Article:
For buyers, the After Acquired Title Doctrine can offer a level of protection. If a seller lacks complete ownership of a property at the time of sale but later obtains the missing rights, the buyer’s ownership rights are still upheld. This means that even if there are defects in the title at the time of purchase, the buyer can still gain full ownership once the seller acquires the necessary rights.

However, buyers should proceed with caution. While the doctrine protects against title defects that are later remedied by the seller, it does not cover situations where the seller cannot acquire the missing rights or interests. Buyers should conduct thorough due diligence to identify any potential title issues before completing the purchase.

What are the implications for Sellers?

From a seller’s perspective, the After Acquired Title Doctrine can provide an opportunity to rectify title defects after the sale. If a seller discovers they lack complete ownership or rights to the property post-sale, they can work to obtain the missing rights or interests. Once acquired, these rights automatically transfer to the buyer under the doctrine, minimizing the risk of legal disputes or challenges to the sale.

However, sellers should be aware that rectifying title issues after the sale can be a complex and potentially costly process. It may involve negotiating with third parties, obtaining additional documentation, or even going through legal proceedings. As such, sellers should strive to address any title concerns before listing the property for sale to avoid complications down the line.

It’s essential to note that the After Acquired Title Doctrine may vary in application depending on jurisdiction and specific circumstances. While some jurisdictions recognize and enforce the doctrine, others may have different rules or interpretations regarding post-sale title acquisitions.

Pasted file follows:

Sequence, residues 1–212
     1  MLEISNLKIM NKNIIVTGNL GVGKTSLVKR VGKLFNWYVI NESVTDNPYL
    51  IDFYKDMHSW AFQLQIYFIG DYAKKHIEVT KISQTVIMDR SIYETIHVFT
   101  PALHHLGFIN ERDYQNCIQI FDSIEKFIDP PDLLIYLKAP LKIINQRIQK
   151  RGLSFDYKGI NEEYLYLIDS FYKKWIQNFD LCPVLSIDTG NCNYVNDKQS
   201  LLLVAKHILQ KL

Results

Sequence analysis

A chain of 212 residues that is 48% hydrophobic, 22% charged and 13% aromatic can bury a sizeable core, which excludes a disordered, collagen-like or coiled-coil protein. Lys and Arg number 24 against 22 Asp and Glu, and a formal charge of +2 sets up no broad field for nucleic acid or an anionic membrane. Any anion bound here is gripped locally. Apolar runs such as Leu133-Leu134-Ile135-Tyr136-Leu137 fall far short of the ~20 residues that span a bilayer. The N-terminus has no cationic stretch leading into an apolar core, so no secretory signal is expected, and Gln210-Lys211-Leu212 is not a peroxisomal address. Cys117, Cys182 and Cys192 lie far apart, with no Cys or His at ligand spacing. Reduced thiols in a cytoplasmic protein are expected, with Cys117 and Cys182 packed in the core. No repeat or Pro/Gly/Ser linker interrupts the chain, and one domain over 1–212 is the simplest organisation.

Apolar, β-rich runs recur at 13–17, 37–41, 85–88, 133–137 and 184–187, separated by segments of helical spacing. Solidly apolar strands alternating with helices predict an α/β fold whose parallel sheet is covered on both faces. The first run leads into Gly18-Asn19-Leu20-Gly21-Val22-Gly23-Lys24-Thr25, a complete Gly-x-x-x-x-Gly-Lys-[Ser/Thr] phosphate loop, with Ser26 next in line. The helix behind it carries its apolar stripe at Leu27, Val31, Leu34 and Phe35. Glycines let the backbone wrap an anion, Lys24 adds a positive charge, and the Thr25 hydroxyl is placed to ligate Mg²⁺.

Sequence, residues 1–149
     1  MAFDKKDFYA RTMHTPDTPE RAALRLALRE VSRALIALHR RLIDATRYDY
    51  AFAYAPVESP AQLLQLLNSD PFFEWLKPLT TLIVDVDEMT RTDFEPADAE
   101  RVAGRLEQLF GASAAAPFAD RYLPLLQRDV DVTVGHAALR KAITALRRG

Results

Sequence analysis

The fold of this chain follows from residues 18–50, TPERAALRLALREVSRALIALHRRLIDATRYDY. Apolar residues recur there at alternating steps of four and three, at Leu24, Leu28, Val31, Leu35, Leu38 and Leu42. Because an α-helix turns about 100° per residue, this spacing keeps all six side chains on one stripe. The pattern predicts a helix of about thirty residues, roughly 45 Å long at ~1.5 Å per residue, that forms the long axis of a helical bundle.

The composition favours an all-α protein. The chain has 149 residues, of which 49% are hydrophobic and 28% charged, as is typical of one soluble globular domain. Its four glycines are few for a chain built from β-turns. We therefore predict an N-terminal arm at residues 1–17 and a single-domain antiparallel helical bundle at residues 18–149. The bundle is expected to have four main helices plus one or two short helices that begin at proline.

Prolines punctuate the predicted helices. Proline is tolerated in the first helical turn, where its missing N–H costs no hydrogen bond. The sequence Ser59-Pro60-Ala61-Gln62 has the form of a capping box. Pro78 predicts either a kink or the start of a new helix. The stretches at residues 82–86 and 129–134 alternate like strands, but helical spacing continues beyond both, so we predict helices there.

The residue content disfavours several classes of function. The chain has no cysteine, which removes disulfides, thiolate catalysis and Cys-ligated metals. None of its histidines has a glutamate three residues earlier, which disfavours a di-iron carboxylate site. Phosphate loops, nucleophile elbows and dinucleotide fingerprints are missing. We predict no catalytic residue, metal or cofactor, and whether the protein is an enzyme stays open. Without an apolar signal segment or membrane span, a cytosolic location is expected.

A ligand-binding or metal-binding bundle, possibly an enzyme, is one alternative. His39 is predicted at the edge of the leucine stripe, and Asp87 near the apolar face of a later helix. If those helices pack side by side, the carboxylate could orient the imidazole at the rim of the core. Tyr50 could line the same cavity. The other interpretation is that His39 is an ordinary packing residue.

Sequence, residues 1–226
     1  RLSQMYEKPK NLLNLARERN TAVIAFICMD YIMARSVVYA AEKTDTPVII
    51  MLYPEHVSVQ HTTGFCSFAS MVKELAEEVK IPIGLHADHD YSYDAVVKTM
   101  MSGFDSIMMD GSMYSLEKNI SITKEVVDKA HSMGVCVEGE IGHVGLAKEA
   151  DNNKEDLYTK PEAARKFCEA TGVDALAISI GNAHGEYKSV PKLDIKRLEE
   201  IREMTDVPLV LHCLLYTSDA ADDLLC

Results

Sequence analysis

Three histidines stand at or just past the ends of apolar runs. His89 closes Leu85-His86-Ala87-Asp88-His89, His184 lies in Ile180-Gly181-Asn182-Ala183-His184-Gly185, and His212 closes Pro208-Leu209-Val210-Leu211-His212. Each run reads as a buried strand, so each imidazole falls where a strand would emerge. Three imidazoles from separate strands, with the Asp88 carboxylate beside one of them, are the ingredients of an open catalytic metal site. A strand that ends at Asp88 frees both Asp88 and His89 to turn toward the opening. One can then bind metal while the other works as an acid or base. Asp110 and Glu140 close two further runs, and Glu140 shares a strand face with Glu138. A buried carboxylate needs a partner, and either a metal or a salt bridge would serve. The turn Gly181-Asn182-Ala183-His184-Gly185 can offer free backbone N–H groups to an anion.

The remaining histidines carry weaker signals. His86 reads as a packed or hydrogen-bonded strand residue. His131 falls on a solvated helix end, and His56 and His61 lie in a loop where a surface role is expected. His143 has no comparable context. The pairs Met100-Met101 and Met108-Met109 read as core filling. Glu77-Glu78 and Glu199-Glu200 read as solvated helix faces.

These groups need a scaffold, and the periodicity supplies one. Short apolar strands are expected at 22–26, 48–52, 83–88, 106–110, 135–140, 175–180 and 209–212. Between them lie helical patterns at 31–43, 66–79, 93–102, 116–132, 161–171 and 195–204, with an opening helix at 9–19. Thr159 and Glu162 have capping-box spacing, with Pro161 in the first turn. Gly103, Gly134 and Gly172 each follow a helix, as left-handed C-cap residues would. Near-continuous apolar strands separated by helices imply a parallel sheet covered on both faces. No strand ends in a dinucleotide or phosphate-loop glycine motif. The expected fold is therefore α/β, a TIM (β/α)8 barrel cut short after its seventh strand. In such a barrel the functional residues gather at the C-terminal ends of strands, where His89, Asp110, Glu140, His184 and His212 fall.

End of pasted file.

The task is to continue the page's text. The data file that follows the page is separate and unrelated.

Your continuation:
Additionally, the doctrine’s application may be subject to certain limitations or exceptions. For example, it may not apply in cases of fraud or misrepresentation by the seller, or if the buyer expressly waives their rights under the doctrine in the sale agreement.


The After Acquired Title Doctrine plays a significant role in real estate transactions, providing a framework for addressing title defects that arise after the sale. For buyers, it offers protection against unforeseen title issues, while sellers have the opportunity to remedy defects and uphold their contractual obligations.

However, both buyers and sellers should proceed with caution and seek legal advice when dealing with title matters. Conducting thorough due diligence before completing a real estate transaction can help mitigate risks and ensure a smooth transfer of ownership.

Ultimately, understanding the After Acquired Title Doctrine and its implications is essential for navigating the complexities of real estate transactions and protecting the interests of all parties involved. At the Underwood Law Firm, we specialize in Partition Actions, which may involve issues related to deeds and title. If you have a difficult co-ownership situation involving a question about a deed, please do not hesitate to contact us.